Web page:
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This week at CBPP, we focused on federal taxes, the federal budget, food assistance, state budgets and taxes, health, poverty and inequality, and the economy.

  • On federal taxes, Chuck Marr, Brendan Duke, and Chye-Ching Huang explained why the new tax law is fundamentally flawed and will require basic restructuring. We released four briefs stemming from this analysis that summarized the law’s main flaws, showed how it is tilted toward the wealthy and corporations, pointed out that it shrinks revenue when more revenue is needed, and noted that it invites rampant tax sheltering and gaming. Marr summarized the problems with the law in a series of graphs, and we released numerous social media graphics on federal taxes.

    Marr, Yixuan Huang, and Chye-Ching Huang detailed why the Tax Foundation’s figures in its annual “Tax Freedom Day” report do not represent typical households’ tax burdens.

  • On the federal budget, Richard Kogan warned that a balanced budget amendment (BBA) could lead to extreme budget cuts and listed five reasons why the amendment is a bad idea. Paul N. Van de Water explained why a BBA would harm Social Security and federal deposit insurance. He also argued that the Congressional Budget Office’s new budget projections are cause for concern but not alarm.
  • On food assistance, Robert Greenstein released a statement explaining that House Agriculture Committee Chairman Michael Conaway’s proposed changes to the Supplemental Nutrition Assistance Program (SNAP) would increase food insecurity and hardship. Before the proposal’s release, Elizabeth Wolkomir and Stacy Dean questioned whether it would match Chairman Conaway’s rhetoric. Brynne Keith-Jennings explained how analysis of SNAP participants’ work in an average month understates their work over time.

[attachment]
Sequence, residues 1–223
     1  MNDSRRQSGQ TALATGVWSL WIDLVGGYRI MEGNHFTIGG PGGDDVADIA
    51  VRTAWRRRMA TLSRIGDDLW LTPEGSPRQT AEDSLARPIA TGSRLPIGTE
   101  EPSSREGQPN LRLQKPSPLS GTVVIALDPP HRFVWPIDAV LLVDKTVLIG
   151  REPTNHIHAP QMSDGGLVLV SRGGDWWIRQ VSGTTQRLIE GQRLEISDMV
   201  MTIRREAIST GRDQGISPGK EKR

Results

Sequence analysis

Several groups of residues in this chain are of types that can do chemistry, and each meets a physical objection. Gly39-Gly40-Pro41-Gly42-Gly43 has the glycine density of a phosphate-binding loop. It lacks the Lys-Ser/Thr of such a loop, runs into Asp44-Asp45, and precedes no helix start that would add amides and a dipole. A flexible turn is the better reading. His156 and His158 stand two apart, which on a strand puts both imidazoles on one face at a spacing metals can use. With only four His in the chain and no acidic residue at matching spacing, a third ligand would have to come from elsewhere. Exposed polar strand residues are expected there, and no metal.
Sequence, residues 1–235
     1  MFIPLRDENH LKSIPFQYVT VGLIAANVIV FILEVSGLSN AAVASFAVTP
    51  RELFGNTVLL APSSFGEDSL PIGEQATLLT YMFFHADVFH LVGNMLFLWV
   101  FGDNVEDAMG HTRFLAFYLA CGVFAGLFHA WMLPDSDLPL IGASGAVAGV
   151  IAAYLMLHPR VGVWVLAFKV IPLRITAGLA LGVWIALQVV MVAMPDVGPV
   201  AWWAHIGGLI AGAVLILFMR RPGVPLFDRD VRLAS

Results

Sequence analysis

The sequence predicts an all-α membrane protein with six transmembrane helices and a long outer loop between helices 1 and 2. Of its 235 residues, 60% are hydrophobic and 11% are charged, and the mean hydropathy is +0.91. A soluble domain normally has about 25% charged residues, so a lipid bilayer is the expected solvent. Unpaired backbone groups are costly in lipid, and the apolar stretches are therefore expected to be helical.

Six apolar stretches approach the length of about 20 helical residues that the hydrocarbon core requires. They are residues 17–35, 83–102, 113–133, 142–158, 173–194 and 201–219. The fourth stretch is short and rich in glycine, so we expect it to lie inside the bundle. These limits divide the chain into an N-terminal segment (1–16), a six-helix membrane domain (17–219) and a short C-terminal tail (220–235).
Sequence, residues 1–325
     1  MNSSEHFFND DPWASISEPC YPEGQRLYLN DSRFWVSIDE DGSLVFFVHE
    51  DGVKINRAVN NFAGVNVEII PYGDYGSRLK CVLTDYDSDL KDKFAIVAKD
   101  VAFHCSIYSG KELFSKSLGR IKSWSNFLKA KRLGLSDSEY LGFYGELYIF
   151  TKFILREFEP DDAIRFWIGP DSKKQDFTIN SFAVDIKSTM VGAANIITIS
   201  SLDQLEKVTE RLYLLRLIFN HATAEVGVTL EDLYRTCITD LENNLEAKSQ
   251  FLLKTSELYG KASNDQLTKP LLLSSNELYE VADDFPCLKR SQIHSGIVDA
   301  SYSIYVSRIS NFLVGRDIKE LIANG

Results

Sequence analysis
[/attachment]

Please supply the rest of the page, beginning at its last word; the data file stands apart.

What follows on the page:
• On state budgets and taxes, Nicholas Johnson described how states are beginning to turn the tide on tax cuts. Michael Leachman showed that the new federal tax law disproportionately helps the wealthiest in every state. Erica Williams looked at how Earned Income Tax Credits help women in every state and listed our top charts on state taxes.
  • On health, Aviva Aron-Dine, Raheem Chaudhry, and Matt Broaddus highlighted that many working people could lose health coverage due to Medicaid work requirements. Sarah Lueck, Tara Straw, and Shelby Gonzales found that the health care rule changes from the Centers for Medicare & Medicaid Services will harm consumers. Peggy Bailey detailed how better integration of Medicaid and federal grant funding would improve outcomes for people with substance use disorders. Broaddus pointed out that Alaska’s high unemployment would compound the harm to Alaskans from a Medicaid work requirement. We released two briefs on how Medicaid work requirements will harm low-wage workers and children.
  • On poverty and inequality, LaDonna Pavetti pointed to evidence showing that opportunity-boosting job preparedness takes significant investment. She also warned that mandatory work programs are costly and have limited long-term impact.
  • On the economy, we updated our chart book on the legacy of the Great Recession.

Chart of the Week – Even Many Workers Who Work Substantial Hours Could Lose Coverage Under Medicaid Work Requirements

A variety of news outlets featured CBPP’s work and experts recently. Here are some highlights:

The Republican war on struggling Americans takes another cruel turn
Washington Post
April 13, 2018

As Deficits Mount, Amendment to Require Balanced Budgets Fails in House
New York Times
April 12, 2018

Working people could still lose health coverage under Medicaid work requirements
April 11, 2018

President Trump Turns Attention To Welfare Programs
April 10, 2018

Deficits are rising. What’s to blame? Does it even matter?
April 10, 2018

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